Asian inspiration


The gradual creep back to “real” food after weeks of being good – though not all the time – often tends to be via Asian flavours. There is something quite comforting yet nourishing about those flavours, which is maybe because they go well with so many other ingredients.

There is very little in the way of vegetables or meat that doesn’t taste incredibly more-ish when you add a few splashes of soy sauce, tamari, fish sauce, crushed lime leaves, garlic, ginger and chilli and a squeeze of lime juice.

I used pork in this recipe, but you could use minced chicken or turkey or even a selection of tough vegetables such as carrots, cabbage and sweet potato, plus a few mushrooms at the end.

Larb (or laab, plus a few other spellings) is the national dish of Laos and although many traditional versions use puffed or toasted rice, I’ve kept this one to the bare minimum.

You could argue that it’s inauthentic, but all I know is that one big frying pan’s worth of crumbled and well seasoned meat, doled out into butter-leaf lettuce, was wolfed down by the gang.

I had to fend off the last attacks as I was determined to keep some back for the photo shoot the next day. The leftovers just about made it into the frame.

The Asian slaw is really just an idea for the type of thing you can make in a flash at this time of year.

I don’t even bother making a proper dressing. A little drizzle of olive or rapeseed oil, a few drops of toasted sesame oil, to taste, and then a few splashes of soy or tamari, a little squeeze of honey, maple or agave syrup, some lime juice, along with a handful of sesame seeds and perhaps some dried seaweed, and hey presto you have a really hearty winter salad after it has macerated for a little while.

I also love the fact that you can take hardy old cabbages and, with just a little fine slicing and a few drops of umami-filled condiments, you can make a delicious and healthy salad to enjoy with just about anything.



1 tbsp olive or rapeseed oil

1 large knob ginger, grated or diced

1 red chilli, very finely sliced

2 sticks lemongrass, thinly sliced

3 kaffir lime leaves, crushed

Approx 600g minced pork

2 tbsp fish sauce

Juice of 2 limes

1-2 heads baby gem or butter leaf lettuce

Bunch of coriander

Few pistachios

Few mint leaves


Heat up the oil in a large frying pan and sear the ginger, chilli, lemongrass and lime leaves to make a fragrant base in which to saute the pork.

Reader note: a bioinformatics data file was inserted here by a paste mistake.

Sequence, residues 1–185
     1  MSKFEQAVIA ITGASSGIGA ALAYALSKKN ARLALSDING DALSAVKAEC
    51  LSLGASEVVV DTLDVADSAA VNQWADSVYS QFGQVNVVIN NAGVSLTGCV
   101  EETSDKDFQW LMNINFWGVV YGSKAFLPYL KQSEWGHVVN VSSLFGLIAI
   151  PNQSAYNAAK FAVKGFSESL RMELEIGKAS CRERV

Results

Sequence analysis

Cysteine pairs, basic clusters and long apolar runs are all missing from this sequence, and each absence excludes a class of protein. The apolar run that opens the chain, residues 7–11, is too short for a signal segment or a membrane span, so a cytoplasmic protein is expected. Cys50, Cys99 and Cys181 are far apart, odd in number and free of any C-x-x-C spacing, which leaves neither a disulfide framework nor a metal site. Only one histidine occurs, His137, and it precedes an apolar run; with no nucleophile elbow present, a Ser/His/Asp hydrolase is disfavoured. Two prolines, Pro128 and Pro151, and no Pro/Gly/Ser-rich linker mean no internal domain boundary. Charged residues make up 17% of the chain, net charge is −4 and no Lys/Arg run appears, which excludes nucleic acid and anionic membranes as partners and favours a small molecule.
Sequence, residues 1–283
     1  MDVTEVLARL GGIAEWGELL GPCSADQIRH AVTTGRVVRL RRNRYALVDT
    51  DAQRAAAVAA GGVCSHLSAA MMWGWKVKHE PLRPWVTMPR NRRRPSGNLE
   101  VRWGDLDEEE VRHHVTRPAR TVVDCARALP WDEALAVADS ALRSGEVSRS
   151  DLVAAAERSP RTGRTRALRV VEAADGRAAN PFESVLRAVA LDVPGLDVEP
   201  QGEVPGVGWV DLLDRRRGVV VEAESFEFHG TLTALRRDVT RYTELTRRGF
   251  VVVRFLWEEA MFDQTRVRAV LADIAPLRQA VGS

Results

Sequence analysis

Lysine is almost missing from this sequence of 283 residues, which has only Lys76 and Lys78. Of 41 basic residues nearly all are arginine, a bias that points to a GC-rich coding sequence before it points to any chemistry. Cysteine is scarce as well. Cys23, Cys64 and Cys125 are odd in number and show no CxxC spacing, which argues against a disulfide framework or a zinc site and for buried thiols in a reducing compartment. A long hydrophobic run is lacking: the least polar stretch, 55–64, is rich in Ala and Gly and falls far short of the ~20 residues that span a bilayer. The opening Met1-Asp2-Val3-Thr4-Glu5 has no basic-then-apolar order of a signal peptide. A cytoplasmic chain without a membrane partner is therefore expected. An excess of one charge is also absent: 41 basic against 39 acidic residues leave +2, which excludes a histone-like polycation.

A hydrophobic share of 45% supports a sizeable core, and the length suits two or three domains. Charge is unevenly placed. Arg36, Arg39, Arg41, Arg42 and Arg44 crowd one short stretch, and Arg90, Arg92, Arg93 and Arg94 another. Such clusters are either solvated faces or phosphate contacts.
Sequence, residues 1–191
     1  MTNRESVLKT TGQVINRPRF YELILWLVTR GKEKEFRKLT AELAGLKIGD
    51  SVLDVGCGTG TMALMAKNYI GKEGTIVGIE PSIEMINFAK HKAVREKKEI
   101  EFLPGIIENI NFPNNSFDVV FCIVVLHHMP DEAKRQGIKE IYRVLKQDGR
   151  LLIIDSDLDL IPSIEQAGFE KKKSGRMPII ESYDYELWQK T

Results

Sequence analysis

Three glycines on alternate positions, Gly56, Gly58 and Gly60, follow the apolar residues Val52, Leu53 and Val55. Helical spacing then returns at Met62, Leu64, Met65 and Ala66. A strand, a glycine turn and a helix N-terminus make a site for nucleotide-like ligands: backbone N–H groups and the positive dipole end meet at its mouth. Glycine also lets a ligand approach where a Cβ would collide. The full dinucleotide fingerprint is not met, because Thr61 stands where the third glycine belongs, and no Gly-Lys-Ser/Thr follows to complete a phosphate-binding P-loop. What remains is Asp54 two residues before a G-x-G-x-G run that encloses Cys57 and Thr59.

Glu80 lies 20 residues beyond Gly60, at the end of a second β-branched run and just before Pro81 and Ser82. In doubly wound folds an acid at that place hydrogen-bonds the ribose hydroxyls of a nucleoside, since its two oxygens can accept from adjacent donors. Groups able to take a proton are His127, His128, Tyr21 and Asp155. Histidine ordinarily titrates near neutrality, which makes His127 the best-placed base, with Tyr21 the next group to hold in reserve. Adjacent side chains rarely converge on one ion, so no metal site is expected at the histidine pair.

After a minute or so, add the pork. Smash it up with a wooden spoon and move it around so that it breaks into smaller chunks and starts to separate rather than remain as one big mound.

The idea is to lightly brown the pork and coat it with all the lovely fragrant flavours.

After about five minutes, add the fish sauce. Keep the heat up and keep cooking until it starts to char a bit in places and is really cooked through, then remove it from the heat and allow to cool.

Taste and adjust the seasoning. Add some lime juice, which will sharpen up the flavour, then spoon the meat into the lettuce leaves, top with chopped coriander, a few crushed pistachios and even a little mint. Serve up and watch them disappear. An extra wedge of lime is also nice to serve alongside.


1 head cabbage – sweetheart is nice

half a small head of red cabbage

4-6 carrots

2-3 tbsp olive oil

1 tbsp sesame oil

1 tbsp tamari or soy sauce

Juice of 1 lime

Squirt of honey, maple or agave syrup

1-2 tbsp sesame seeds

Slice the cabbages very finely. Peel the carrots and, using your peeler, cut into ribbons and add to the cabbage. Then either make a little dressing by mixing all the other ingredients or simply put on to the cabbage and carrots directly and mix really well.

Normally I would take a bit more care and not over-mix salads, but these vegetables are so hardy, they can take a good mixing. Season and sprinkle with some seaweeds or shredded nori sheets.

Season this as much or as little as you fancy. It softens up and wilts down after about 10 minutes, so don’t be put off by the initial quantity.

Food cooked and styled by Domini Kemp and Paul Kavanagh

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